And can we really blame Harden? He saw his draft classmates Eric Gordon and Brook Lopez lock up max deals last year and they are nowhere near his level. And he had no guarantees from OKC that they wouldn't move him after he took less money.

As for Houston, Harden immediately moves them out of lottery territory (making those draft picks they gave up much less valuable). If Lin is the real deal (I think he is) and Asik is as productive in a feature role as he was in Chicago, I have no problem seeing this team winning 50 games this season and steadily improving as their young players develop.

posted by acerock at 08:26 PM on October 28

(Welcome to SpoFi, acerock)

But...guh-huh? Did you just call Harden a top-10 player in the league? That's crazy-talk. Top ten SG? I could see an argument for that (but I'd rather see him getting starting minutes before making that claim), but top-10 overall is flat nuts.

If you're gonna lay the over/under on Rockets wins this year at 50, I'll take the under. Not so much because I don't believe in their line-up (frankly, I have no idea what to expect out of them), but because the West has so many quality teams. They're not all contenders, but there are plenty of legit line-ups.

Let's say it takes 46 wins to get into the Western Conf Playoffs. Assuming health, I don't think it's a stretch to say that the Lakers, Thunder, Nuggets, Spurs, Grizzlies, and Clippers get in easily. That's six spots gone. After that you've got two slots to fill out the bracket with Utah, Dallas, Houston, Portland or maybe a wild-card younger team like Minnesota or New Orleans. It's going to be tight going into April.

posted by Ufez Jones at 09:09 PM on October 28

Crap, sorry tron7. Forgot to respond to you:

Would Aldrich starting at center be a source of optimism?

Of course not, but given the number of teams in the West with legit big men (especially in tandems), I think it's probably better to have 75% Perkins and two lousy back-ups than 75% Perkins and one lousy backup. The Grizzlies and Spurs also spring to mind as teams that could easily take advantage of that lineup. It's been a big hole for OKC for the past few years (Nazr was probably their best backup for a while, and he's gone now) and given they're weaker there now than they've been in a while, I expect they'll make at least one more move to bolster that spot.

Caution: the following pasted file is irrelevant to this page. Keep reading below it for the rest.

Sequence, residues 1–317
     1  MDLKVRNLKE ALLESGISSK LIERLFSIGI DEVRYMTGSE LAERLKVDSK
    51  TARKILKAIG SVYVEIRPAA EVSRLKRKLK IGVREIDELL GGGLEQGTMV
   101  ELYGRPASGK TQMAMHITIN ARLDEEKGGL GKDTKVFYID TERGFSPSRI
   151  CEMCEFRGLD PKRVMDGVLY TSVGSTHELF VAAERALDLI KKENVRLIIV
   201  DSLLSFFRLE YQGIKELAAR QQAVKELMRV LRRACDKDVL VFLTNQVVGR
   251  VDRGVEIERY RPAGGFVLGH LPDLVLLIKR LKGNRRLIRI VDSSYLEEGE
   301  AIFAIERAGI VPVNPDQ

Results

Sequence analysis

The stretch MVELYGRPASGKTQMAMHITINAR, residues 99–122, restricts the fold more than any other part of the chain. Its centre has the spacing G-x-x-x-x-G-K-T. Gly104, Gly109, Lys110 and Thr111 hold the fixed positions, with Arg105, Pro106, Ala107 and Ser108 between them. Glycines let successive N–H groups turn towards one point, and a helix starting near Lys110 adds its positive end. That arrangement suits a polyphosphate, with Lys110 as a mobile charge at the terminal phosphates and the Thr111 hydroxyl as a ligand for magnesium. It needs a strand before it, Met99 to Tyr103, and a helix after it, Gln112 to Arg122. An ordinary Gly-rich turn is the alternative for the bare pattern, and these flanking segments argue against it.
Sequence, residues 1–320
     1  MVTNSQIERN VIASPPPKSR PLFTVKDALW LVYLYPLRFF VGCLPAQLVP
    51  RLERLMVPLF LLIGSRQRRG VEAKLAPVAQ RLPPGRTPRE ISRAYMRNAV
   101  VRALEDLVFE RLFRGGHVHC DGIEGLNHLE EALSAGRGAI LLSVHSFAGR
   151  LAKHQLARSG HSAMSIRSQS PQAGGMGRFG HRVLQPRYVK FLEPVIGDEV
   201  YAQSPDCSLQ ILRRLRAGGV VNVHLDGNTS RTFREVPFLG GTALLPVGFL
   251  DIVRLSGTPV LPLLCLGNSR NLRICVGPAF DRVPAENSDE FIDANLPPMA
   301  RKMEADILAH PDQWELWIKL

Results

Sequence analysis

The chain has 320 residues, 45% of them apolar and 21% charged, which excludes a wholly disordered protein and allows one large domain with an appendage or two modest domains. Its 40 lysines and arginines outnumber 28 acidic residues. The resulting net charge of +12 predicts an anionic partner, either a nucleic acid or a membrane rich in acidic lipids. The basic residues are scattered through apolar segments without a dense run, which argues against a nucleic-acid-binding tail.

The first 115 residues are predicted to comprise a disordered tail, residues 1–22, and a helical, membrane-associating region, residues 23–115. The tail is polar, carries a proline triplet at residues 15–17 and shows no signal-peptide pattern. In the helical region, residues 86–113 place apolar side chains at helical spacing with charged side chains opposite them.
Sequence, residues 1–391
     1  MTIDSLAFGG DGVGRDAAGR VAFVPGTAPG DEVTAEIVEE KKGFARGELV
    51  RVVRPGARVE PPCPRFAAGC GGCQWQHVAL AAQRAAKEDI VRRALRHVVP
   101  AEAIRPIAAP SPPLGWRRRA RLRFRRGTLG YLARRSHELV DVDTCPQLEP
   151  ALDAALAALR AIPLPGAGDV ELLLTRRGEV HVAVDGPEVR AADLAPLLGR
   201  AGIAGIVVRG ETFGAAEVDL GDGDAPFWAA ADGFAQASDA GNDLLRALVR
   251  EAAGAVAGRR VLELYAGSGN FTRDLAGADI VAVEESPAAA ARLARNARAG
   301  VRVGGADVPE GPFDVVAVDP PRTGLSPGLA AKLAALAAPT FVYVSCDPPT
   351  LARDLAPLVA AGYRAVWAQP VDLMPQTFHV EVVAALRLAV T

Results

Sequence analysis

posted by Ufez Jones at 09:16 PM on October 28

Thanks! Been lurking for awhile. Allow me to lay out my argument for Harden as a top 10 player. First let's get the consensus top 5 or so out of the way.

Lebron, Dwight, Chris Paul, Durant, Wade, maybe Kevin Love or Rose. Already we're arguing on who gets in. Tyson Chandler? Joakim Noah? Bynum? Griffin? Iguodala? Even Kobe gets a question mark. Carmelo is not in this conversation. And we're not really seeing guards in the conversation. Ginobili and Parker maybe but probably not. Westbrook maybe? I think you'll find plenty of people in OKC who would rather have kept Harden over Westbrook.

All I'm trying to say is that when you break it down, Harden as a top 10 NBA player right now and for the foreseeable future is not crazy-talk, especially when you look at who is starting at SG for NBA teams right now. And look at the "advanced" stats. He's firmly in the top 10 even in somewhat limited minutes. (This is a separate argument, but Hollinger's PER's fatal flaw is that it underrates efficient scorers and overrates volume scorers.)

Totally see your point about the Rockets. I guess 50 is a best-case scenario, but I think Harden (and Asik) makes them at least relevant.

posted by acerock at 09:34 PM on October 28

Harden isn't a top 10 player. You've got Durant, Kobe and Lebron leading the league in scoring. You have Dwight Howard, Kevin Love and Andrew Bynum leading in rebounding. You have Rondo, Nash, and Chris Paul leading in assists. Add in one of several good all around players that start every game in this league like Deron Williams and you're at 10. I might not have Nash or Bynum in the top 10 but you can replace them with someone like Derrick Rose or Tony Parker. I still think Parker has a bigger overall impact on a game than Harden does.

posted by insomnyuk at 10:04 PM on October 28

All I'm trying to say is that when you break it down, Harden as a top 10 NBA player right now and for the foreseeable future is not crazy-talk

I think Harden's win shares will take a dive on a Houston team that needs him to shoot more than 10 times a game. It's easier to be efficient on a team that you're the third offensive option on; when you're asked to create shots, see more D attention and take on a bigger role, you become a volume/low efficiency guy. Kobe with 10 open looks is a different player.